While instruction from him seemed to put this student on the edge of a razor for each session, his urgings were essential to the serious-minded. "What color do you see in that tree trunk?"  "Purple", I hesitatingly replied.  "Then paint it that way!!"  He was always prodding one to LOOK and COMPARE.  He was difficult, proud. " Father Sicilian, mother Jewish".  An outstanding painter up against the incursions of modern abstract art .  I can still hear his urgings in my subconscious, even though I could be called a rather poor student of his for only a year or two.  My mistake was to push his in-your-face instruction away too soon.  A greater artist, a greater soul would have stayed the course for at least another year, with the ability to ignore all the melodrama, acidic criticism, and insistent pessimism.  With all that, I am indebted to him for the strong start he gave me in painting. One other artist, Solace Loven , also counts Pat as one of her teachers.  Corso passed away in 1989, victim of a "routine" hospital procedure.

   After Corso, I had several other teachers, nationally known, and a few of which were his contempory artists at the Art Students League.  From each teacher, I have gained another way of looking at nature , of turning paintings into art.  Here are a couple of experiments inspired by some of my readings :

       .   At left is actually a painting of sunflowers, despite the presence of "my little teapot".  It's an oil on linen, 16x20.  Past still life work I have done was a little more "realistic" and perhaps had a tonal mood, but here I was after a little more expressiveness.  An artist must paint with emotion, according to the teachings of Sergei Bongart.   I have also done a still life with roses, with the same thought in mind.  ( I reserve this painting for the next blog opportunity.)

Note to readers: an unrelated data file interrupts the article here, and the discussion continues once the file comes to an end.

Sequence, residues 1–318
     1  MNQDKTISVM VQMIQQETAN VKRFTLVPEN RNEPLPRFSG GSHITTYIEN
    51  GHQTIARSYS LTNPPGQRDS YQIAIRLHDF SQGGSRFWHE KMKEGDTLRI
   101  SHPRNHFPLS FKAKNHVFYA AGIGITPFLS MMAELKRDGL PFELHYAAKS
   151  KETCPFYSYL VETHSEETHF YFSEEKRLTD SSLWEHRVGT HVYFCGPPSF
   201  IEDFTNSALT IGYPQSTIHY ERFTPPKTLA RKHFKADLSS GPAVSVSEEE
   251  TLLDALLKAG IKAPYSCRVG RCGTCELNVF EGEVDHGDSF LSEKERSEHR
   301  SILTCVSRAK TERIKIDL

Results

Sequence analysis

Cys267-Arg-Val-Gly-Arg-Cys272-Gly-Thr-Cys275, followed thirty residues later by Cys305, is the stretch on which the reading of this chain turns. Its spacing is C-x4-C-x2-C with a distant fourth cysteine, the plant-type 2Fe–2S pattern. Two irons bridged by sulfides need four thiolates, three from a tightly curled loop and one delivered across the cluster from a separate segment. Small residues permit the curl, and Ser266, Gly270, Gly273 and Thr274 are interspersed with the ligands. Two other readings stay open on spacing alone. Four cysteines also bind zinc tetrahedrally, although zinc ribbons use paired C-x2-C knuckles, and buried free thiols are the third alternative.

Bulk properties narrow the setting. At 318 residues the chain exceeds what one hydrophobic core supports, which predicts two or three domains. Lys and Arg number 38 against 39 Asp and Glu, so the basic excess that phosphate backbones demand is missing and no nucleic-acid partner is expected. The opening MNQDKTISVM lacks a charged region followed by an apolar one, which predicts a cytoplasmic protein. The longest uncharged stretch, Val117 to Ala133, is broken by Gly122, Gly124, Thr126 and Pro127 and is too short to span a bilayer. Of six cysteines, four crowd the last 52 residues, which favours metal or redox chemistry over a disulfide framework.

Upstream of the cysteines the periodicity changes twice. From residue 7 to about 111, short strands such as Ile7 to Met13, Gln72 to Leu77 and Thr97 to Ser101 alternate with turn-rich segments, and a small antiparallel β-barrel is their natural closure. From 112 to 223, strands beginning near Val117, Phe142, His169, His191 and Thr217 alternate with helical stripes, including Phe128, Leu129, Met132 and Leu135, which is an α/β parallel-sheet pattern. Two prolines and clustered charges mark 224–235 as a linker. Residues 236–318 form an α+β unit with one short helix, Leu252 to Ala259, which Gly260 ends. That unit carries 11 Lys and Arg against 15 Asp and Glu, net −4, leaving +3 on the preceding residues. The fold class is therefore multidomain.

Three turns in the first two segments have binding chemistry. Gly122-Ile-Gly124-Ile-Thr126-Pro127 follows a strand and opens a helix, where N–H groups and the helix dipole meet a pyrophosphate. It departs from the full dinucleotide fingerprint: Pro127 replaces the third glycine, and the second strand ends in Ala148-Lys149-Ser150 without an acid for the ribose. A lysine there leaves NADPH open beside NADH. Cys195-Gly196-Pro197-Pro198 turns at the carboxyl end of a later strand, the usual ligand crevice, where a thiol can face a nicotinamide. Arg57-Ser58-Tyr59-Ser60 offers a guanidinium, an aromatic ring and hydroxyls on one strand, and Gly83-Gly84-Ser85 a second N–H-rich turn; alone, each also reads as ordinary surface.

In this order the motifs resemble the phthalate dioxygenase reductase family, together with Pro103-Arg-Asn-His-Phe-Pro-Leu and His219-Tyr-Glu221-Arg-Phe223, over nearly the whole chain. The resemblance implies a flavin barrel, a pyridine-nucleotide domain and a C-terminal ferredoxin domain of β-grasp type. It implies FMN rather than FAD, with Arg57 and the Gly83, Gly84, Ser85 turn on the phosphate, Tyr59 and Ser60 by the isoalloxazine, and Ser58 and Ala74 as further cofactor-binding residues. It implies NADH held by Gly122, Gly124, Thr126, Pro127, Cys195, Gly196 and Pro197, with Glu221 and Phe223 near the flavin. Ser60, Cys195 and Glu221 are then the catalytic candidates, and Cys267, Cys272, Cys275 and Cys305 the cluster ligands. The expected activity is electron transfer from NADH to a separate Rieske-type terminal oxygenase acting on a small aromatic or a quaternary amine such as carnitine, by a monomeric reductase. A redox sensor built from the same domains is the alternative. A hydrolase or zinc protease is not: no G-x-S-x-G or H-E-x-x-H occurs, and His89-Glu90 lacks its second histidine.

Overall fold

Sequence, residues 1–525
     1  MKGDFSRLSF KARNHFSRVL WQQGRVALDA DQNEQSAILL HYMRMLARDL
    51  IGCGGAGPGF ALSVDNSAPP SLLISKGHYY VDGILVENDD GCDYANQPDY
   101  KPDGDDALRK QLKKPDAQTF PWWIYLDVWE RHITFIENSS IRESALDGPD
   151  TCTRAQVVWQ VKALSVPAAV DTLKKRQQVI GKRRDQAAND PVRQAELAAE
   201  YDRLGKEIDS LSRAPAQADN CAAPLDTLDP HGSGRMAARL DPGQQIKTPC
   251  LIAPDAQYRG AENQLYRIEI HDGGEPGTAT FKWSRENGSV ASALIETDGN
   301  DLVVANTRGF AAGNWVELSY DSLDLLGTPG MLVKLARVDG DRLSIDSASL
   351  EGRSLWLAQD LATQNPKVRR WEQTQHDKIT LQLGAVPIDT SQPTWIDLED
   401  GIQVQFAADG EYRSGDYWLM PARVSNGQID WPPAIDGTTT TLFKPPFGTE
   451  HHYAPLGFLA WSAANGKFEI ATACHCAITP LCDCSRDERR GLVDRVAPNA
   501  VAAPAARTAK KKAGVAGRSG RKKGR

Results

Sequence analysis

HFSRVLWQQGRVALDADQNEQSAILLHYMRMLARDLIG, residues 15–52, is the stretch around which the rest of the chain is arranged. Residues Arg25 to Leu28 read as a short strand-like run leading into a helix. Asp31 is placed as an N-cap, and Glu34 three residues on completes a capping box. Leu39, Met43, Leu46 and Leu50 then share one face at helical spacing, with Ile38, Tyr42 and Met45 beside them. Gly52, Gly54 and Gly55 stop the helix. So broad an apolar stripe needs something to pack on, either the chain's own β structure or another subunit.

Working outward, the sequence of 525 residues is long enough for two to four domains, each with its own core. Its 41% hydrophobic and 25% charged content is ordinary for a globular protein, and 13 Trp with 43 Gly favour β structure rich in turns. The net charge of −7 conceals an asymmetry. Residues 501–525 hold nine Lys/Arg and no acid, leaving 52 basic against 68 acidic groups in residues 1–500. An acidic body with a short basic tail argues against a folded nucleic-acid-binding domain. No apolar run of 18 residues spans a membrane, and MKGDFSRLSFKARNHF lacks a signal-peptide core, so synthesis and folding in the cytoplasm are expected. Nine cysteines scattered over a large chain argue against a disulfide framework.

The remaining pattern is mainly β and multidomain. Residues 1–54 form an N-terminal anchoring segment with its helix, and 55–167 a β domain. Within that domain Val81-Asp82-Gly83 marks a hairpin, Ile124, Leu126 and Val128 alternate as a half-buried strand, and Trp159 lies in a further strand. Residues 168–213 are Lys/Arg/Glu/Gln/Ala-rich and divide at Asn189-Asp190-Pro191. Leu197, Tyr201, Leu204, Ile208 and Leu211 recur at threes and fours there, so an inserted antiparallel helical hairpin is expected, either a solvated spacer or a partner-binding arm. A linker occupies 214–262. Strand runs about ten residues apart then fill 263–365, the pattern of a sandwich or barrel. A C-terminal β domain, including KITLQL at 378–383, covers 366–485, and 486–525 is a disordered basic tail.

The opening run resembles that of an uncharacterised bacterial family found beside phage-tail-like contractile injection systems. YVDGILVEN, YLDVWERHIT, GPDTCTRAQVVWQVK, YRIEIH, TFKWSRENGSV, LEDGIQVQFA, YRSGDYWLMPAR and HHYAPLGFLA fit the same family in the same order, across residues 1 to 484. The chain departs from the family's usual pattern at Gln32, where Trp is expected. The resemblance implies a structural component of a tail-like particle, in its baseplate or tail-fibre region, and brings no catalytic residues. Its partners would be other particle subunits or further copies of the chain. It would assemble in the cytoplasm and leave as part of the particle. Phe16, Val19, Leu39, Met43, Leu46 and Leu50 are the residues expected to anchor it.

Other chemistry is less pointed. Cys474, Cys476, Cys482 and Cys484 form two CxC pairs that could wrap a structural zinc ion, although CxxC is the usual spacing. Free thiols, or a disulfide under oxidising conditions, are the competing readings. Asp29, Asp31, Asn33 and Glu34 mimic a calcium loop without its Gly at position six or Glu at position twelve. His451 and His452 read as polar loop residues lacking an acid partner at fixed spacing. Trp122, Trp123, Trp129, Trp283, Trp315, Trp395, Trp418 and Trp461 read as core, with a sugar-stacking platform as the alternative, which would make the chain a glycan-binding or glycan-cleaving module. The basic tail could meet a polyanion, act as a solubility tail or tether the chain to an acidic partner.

Tuesday, September 4, 2012

Plein Air Productions

The image on the left , an 11x14 oil sketch, was done at Pt.Judith toward the end of day.  I found a wonderful perch , a circular concrete base for an old gun emplacement, where I could face the fishermen on the rocks across the way and paint/study fairly undisturbed -- until some youngsters came along to toss some of the rocks into the sea.  Such a spot is almost too good to be true for a plain-air outing.  The Point is usually breezy, so no worries about being bitten by pesky flying insects, and the hottest day can be pleasant here.  Since I was able to accomplish much uninterruptedly, very little, in my opinion, is necessary for "finishing".

The next image , a blurred one I'm sorry to say, is of an old fishing boat, Artemis II which I sketched in Wellfleet on Cape Cod.  It was a beautiful day with a mellow sun late in the afternoon.  The whole charm of the scene had to do with low tide which had the vessel pitched forward, her screw out of the water aft.  Of course, with the changing tide, by the time I left, the boat was afloat by the dock.  Plein air work is indeed a combination of observation, imagination, and memory work!
  Artemis II seemed to me more picturesque than seaworthy -- but that was its lure to this artist.  I think to help the composition, studio assistance might include some other boats in the harbor .

These last two images are oil sketches of scenes within one or two miles from my present studio in East Greenwich, RI.  The top is a view of the harbor in East Greenwich just as the sun is close to retiring for the day and the other image is the most recent sketch of one of my favorite local subjects , the Green Boat.  Again both of these remain as sketches until more thinking about them is accomplished -- before any "improvements" are made!